“Sanctum” opens with a true sense of adventure but is soon drowned with a cliché plot, cliché characters and poor use of 3-D.The story, which is based on true events, follows a diving expedition to explore the Esa-ala cave system led by Frank (Richard Roxburgh). When flooding from a sudden storm traps several members of the team in the lower depths of the cave, they must search for a new way out.
From that point until the end, “Sanctum” takes viewers on a tired, old survival genre ride that has been done a hundred times before without adding anything unique. As the team finds itself farther and farther into the cave, people slowly start dying off one-by-one. During that time, you are treated to some truly tense moments, but all the stock scenes of bravery and cowardice quickly drag the film back into the humdrums.
In addition to the unoriginal plot, the characters were very much stock cardboard cutouts. There was Josh (Rhys Wakefield), the rebellious son, Frank, the misunderstood father, and Carl (Ioan Gruffudd), who was so radically cool that he borderlined on being straight gnarly.
With the exception of Carl, who was so over-the-top that he brought me to physical anger, all the other characters were stale. Dramatic moments boiled down to lifelessness emoting from one character to the next.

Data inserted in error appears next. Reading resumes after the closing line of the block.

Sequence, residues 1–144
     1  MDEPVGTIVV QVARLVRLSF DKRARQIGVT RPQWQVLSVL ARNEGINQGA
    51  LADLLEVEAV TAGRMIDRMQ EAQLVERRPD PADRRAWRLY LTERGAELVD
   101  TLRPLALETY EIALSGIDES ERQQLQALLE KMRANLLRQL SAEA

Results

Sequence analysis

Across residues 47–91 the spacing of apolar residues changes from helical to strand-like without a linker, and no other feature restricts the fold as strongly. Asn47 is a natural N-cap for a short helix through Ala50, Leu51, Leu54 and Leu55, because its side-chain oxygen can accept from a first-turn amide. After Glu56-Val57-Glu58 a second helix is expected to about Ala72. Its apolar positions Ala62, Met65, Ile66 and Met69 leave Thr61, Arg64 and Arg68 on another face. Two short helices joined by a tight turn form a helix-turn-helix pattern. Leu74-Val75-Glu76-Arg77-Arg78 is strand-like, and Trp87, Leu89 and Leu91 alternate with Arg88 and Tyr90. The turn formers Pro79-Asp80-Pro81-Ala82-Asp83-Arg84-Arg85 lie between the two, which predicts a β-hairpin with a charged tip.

Although, some of the lack of emotion could be an issue of perception because the movie was so dimly lit, it was difficult to distinguish what was happening on screen. I understand how caves work-they are pitch black without any lights. So why muddy up already dark scenes with 3-D, which makes everything dimmer?
Furthermore, the unnatural darkness undercut some interesting camerawork that included some very visually pleasing imagery, capturing the beauty of the cave. When the remaining survivors found the tank inside the cave, the next few moments perfectly embodied the sense of adventure for which the movie strived.
But after about three minutes, the movie plunged back into the murky depths of obscured vision.
There were times that the cinematography truly brought the movie to life, but the unoriginal plot and characters prevented “Sanctum” from rising to the top.
But what else should we expect when James Cameron slaps his name on a movie?
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